Justice Ginsburg: Supreme Court Won’t Reverse Roe v. Wade, Unlimited Abortions
by Steven Ertelt
July 12, 2010
Washington, DC (LifeNews.com) — Last week, Justice Ruth Bader Ginsburg said she is confident the Supreme Court will never overturn the Roe v. Wade decision that resulted in unlimited abortions in the United States. She said doing so would hurt poor people who supposedly have no other resource during an unplanned pregnancy.
Participating in a discussion during the Aspen Ideas Festival in Colorado, Ginsburg said the infamous decision that allowed more than 52 million abortions won’t be overturned because women and society has gotten used to it.
"Over a generation of young women have grown up, understanding they can control their own reproductive capacity, and in fact their life’s destiny," Ginsburg said, according to a Politico report. "We will never go back to the way it once was."
"If people realize that, maybe they will have a different attitude," she said of supposed reasons why poor women need abortions.
In an introduction of Ginsburg for the event, pro-abortion former Justice Sandra Day O’Connor said Ginsburg is relishing adding a new member of the Supreme Court — pro-abortion activist Elena Kagan, whom President Barack Obama has nominated to replace retiring pro-abortion Justice John Paul Stevens.
O’Connor said Ginsburg is "looking forward to now getting another woman on the court," Politico indicated.
Ginsburg’s comments on abortion and its availability for poor women are not surprising given how she was taken to task last year for her comments about the Roe v. Wade abortion case that appeared racist.
In a July 2009 interview with the New York Times, Ginsburg said she once supported Roe for population control reasons targeting minorities.
Ginsburg first advocated taxpayer funding of abortions and followed it up by saying she backs Roe to eliminate "populations that we don’t want to have too many of."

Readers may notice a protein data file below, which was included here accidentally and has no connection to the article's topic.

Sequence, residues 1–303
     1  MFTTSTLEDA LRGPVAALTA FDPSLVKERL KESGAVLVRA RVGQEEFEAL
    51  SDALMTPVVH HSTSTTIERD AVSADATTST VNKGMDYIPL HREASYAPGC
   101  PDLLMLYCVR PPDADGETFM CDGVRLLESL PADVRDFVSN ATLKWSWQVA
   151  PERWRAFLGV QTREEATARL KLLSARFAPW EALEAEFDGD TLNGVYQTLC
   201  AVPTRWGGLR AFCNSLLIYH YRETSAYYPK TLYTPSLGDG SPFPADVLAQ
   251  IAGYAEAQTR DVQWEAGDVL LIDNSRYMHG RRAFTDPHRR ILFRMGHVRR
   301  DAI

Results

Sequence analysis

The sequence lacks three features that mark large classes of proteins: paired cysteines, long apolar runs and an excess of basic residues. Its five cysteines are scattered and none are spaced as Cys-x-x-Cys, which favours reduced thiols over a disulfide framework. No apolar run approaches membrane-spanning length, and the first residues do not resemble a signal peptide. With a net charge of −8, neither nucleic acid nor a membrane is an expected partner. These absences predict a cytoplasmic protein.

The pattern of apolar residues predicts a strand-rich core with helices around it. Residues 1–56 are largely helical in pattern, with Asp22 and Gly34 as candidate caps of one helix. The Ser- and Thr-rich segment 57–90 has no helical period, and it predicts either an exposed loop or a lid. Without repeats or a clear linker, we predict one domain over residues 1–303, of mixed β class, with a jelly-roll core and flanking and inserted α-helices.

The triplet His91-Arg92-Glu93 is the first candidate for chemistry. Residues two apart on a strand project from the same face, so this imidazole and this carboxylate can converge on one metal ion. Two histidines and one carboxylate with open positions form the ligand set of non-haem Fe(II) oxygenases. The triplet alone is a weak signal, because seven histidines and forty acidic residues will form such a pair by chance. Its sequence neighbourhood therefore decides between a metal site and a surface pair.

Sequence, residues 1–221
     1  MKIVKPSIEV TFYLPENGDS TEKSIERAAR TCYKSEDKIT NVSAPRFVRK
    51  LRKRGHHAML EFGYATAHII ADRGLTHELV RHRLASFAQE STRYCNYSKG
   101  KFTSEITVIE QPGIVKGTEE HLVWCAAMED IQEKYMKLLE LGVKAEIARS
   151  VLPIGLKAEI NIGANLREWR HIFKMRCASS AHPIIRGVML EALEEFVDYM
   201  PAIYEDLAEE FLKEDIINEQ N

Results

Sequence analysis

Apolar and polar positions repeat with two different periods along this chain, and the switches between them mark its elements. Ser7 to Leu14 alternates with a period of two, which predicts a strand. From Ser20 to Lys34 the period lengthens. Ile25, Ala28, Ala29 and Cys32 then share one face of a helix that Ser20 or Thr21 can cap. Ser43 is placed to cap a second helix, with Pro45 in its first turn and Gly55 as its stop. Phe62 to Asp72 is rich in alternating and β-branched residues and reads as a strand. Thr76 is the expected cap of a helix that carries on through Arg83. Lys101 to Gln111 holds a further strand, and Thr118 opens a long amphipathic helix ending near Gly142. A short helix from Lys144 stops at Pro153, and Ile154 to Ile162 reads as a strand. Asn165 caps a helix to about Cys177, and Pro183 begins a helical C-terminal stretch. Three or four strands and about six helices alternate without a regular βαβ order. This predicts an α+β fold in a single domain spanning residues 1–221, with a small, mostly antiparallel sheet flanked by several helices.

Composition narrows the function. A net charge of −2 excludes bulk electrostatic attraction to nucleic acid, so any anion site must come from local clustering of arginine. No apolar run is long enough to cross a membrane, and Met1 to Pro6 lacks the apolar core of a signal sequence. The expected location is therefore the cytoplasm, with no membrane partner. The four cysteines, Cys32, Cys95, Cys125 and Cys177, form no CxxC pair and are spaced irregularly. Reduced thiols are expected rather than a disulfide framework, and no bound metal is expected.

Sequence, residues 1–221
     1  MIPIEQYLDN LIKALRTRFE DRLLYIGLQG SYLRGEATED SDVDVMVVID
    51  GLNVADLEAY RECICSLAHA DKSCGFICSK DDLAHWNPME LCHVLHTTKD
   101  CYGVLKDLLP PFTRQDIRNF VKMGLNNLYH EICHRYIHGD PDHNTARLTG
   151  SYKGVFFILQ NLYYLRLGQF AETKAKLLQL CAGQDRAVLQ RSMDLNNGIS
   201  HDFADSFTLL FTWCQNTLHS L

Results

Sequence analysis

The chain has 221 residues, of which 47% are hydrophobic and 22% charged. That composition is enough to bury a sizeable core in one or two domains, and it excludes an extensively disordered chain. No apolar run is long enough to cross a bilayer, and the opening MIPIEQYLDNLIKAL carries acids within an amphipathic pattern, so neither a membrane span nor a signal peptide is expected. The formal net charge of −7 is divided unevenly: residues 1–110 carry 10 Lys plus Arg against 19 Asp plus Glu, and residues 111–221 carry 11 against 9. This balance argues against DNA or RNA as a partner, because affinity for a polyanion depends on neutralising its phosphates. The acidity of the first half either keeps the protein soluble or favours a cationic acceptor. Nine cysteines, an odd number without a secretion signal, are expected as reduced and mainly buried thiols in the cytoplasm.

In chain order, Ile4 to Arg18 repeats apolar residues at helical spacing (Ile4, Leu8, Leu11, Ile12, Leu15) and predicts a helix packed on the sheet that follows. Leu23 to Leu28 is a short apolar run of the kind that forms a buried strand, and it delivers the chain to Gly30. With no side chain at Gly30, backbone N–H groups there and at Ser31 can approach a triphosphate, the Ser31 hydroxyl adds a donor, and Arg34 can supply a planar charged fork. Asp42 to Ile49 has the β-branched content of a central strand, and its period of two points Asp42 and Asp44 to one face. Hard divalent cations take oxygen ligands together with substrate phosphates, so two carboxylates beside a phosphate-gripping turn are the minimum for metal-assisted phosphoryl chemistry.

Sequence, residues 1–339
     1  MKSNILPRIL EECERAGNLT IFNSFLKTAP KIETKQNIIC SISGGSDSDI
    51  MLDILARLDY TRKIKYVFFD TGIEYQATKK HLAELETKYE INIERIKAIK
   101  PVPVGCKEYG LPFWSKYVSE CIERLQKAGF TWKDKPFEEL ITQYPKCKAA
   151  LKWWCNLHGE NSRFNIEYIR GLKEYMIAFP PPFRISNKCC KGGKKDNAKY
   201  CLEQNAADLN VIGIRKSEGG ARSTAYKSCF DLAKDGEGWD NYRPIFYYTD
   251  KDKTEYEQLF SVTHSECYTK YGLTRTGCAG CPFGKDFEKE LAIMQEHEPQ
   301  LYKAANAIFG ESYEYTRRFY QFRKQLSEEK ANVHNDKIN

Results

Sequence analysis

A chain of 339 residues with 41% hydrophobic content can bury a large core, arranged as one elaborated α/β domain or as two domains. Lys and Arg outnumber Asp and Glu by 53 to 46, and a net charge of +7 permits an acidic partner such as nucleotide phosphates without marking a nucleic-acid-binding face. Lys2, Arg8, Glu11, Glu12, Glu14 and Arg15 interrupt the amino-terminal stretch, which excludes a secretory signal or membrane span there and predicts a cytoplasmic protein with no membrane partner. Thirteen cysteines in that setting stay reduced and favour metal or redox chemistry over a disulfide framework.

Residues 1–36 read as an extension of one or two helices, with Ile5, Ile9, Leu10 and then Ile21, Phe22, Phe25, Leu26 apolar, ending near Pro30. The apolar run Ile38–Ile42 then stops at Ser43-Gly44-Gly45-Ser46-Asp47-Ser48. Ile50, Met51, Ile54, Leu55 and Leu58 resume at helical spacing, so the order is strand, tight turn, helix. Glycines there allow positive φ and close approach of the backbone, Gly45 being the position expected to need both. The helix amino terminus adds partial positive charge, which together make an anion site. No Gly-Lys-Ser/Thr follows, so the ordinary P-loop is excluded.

"Reproductive choice has to be straightened out. There will never be a woman of means without choice anymore. That just seems to me so obvious," she says.
Reporter Emily Bazelon then asked Ginsburg a question about what she meant and Ginsburg responded that she referred to the 1980 Harris v. McRae ruling upholding the Hyde amendment, which prohibits federal taxpayer funding of abortions, surprised her.
"Frankly I had thought that at the time Roe was decided, there was concern about population growth and particularly growth in populations that we don’t want to have too many of. So that Roe was going to be then set up for Medicaid funding for abortion. Which some people felt would risk coercing women into having abortions when they didn’t really want them. But when the court decided McRae, the case came out the other way. And then I realized that my perception of it had been altogether wrong," Ginsburg said.
Congressman Trent Franks, an Arizona Republican, told LifeNews.com at the time he found the remarks off-putting.
"Justice Ginsburg’s statement is appalling, but should be unsurprising to those who are familiar with the roots of the pro-abortion movement, largely organized by eugenicists who wanted to limit population growth amongst peoples they considered to be ‘undesirables,’" he said.
Roe is the 1973 Supreme Court decision that, along with Doe v. Bolton, allowed virtually unlimited abortions for any reason throughout pregnancy.
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